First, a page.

Aaahhh, it’s nice to be back updating this site again. It’s been a very long year, 2015, and real life kinda took over and it made me neglect this site. Something had to give, you know? Not that I wasn’t eating and cooking; I was, but I was updating Instagram more with the hashtag #ciaEatsNYC. (Plus a certain Rottweiler managed to steal my heart, so.) There’s still traffic to this site and invitations from PR firms still have not ebbed, so thank you for sticking with me.
It’s a new year and part of my list of resolutions is to do more stuff I like and I have to admit that I still like the Internet. Instagram is still my main social media channel because it’s instant, but I’ll make more effort to publish the recipes I test here. There may be less restaurant reviews, however, because lord knows how many of those are already out there. What I’ll be more vigilant about are my recommendations using Amazon Associates, a tool I’ve never really taken advantage of. Amazon even decided to close my old account because there hasn’t been any activity on it so a new one had to be created so I can start from scratch. I know you trust my recommendations so I promise that they will be legit. If they are only related products, I will make sure that I note the difference.
For my first recipe back, I wanted a soup that’s more like a stew because it finally started to feel like winter outside. I opted for this borscht recipe I found on several sites and made my adjustments and opted for, oops, canned beets to save time. In the end, I didn’t end up grating them so it’s more chunky which made me just call this “borscht-style stew”. Feel free to chop them more finely than I did here.
With this recipe, you’ll see why you need to learn how to properly braise meat. Browning the beef short ribs may seem a lot of work, but you’ll be so happy when all that meat starts to fall apart with just a gentle prod of your fork. There’s a lot of fat that would form, but nothing a hearty bread or a bowl of rice can’t solve.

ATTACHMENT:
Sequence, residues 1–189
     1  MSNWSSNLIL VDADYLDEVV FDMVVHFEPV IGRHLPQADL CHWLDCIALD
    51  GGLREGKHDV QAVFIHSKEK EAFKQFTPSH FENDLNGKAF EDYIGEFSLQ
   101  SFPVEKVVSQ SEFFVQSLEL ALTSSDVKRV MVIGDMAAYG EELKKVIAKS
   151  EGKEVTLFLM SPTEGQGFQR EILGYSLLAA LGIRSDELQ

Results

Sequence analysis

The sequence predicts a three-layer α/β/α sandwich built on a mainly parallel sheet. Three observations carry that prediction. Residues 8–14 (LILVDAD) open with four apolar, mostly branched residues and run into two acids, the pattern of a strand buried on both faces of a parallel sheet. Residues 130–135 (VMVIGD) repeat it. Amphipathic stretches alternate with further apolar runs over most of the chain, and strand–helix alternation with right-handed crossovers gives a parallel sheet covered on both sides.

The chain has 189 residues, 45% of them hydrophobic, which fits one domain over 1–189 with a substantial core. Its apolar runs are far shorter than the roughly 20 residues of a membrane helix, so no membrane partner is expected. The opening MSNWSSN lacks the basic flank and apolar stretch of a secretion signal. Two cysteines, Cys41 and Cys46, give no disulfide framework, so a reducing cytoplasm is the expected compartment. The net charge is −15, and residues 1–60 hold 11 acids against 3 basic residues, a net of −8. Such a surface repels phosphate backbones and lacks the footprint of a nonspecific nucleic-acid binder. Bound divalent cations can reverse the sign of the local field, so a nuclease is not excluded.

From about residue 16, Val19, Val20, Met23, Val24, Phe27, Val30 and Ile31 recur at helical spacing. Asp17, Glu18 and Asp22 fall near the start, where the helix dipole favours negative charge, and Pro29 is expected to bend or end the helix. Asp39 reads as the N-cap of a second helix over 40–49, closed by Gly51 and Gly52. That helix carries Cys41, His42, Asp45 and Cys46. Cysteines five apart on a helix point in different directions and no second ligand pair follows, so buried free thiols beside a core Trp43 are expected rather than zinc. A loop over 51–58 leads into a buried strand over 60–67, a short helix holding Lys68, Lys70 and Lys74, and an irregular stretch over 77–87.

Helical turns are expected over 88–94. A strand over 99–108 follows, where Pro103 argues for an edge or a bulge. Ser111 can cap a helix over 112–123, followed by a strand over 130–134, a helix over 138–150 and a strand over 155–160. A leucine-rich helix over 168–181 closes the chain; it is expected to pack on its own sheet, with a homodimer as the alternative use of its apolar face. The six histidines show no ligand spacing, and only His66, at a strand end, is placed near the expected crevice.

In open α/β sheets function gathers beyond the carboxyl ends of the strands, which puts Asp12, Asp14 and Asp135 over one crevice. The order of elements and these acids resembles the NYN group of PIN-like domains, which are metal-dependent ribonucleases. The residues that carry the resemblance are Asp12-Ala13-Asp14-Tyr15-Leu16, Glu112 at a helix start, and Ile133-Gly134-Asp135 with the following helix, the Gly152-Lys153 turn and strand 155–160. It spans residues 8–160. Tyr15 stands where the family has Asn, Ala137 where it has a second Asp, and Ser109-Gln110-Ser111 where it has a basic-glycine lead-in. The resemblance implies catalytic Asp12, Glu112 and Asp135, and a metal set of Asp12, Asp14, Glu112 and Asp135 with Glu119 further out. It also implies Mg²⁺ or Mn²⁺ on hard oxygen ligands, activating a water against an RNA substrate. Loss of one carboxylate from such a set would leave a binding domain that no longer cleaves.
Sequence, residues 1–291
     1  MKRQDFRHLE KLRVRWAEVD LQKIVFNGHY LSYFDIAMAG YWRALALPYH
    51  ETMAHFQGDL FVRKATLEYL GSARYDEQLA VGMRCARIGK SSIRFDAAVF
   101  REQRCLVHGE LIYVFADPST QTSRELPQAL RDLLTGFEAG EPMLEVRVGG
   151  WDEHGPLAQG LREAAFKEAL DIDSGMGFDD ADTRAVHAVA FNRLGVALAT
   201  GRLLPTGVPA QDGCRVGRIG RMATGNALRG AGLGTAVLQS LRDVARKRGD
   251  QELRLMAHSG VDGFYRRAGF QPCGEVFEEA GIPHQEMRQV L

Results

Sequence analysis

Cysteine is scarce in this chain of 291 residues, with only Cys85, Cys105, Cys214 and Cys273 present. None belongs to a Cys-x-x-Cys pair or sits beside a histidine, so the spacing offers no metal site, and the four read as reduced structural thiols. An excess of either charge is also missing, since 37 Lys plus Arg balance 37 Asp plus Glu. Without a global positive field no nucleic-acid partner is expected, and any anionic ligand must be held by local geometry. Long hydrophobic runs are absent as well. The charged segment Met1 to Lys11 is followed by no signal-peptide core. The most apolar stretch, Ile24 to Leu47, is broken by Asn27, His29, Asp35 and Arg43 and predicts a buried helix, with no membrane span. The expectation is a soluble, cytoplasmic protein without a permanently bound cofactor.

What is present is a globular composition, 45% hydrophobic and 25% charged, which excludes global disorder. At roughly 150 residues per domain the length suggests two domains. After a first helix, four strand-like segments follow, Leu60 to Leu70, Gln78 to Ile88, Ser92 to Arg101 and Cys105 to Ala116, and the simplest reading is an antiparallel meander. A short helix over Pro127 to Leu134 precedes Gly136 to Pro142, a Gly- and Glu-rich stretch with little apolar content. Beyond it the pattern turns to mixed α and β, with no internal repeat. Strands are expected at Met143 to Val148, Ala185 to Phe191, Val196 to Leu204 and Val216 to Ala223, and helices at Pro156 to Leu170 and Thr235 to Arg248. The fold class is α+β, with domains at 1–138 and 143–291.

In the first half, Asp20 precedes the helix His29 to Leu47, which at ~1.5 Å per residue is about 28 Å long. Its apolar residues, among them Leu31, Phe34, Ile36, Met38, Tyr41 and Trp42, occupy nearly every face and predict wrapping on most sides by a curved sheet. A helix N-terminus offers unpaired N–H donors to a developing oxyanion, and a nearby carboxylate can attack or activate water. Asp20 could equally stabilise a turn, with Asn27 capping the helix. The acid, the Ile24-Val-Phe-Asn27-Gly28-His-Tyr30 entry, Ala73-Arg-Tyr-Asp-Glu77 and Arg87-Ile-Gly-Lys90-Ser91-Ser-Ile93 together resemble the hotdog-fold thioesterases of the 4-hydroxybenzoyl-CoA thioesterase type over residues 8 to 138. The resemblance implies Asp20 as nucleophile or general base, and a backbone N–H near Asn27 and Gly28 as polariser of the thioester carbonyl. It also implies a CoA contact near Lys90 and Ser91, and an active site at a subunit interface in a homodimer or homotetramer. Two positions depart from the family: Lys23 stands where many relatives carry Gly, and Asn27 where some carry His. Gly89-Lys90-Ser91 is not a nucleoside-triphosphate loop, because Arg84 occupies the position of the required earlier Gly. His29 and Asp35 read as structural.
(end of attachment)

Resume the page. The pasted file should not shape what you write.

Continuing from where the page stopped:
6 bone-in beef short ribs, cut into 3-inch pieces
1 medium yellow onion, sliced
2 cans of red beets, drained, chopped in smaller pieces, juice reserved
1 quart low-sodium beef stock
2 large russet potatoes, peeled and diced into small cubes (soak in cold water until ready to use to avoid discoloration)
a large handful of baby carrots, roughly chopped
1. In a large Dutch oven, heat the canola oil over medium-high heat. Season the short ribs with salt and add to the pot, cooking until browned on all sides, about 15 minutes. Remove ribs from the heat and transfer to a large plate; set aside.
2. Discard all but a scant amount of the rendered fat from the pot, enough to sauté the onions in. Cook, stirring often, until tender. Add the reserved beet juice and the beef broth and let boil.
3. Add the browned short ribs back to the broth and cook at a high simmer, covered, until the short ribs are very tender, about 2 hours. Check a couple of times and make sure the broth has not dried up. The meat will fall off the bones.
5. When the short ribs are ready, remove them from the pot, but leave the loose bones for extra flavor, and return to the large plate. Add the beets, potatoes, and carrots to the pot and simmer until soft, about 20 minutes.
6. While the vegetables are cooking, pick the meat from the bones, discarding the connective tissue. The meat should shred easily. Add back to the pot and adjust the seasoning to taste with salt and pepper. Feel free to add a little hot water to get the perfect chunky stew consistency.
One of my kitchen essentials is a large Dutch oven. I have this large one in a nice teal color. You can choose a less expensive brand, but the Le Creusets last a lifetime. This pair of tongs is so useful when you’re braising beef short ribs and they lock in place so you can control the grip.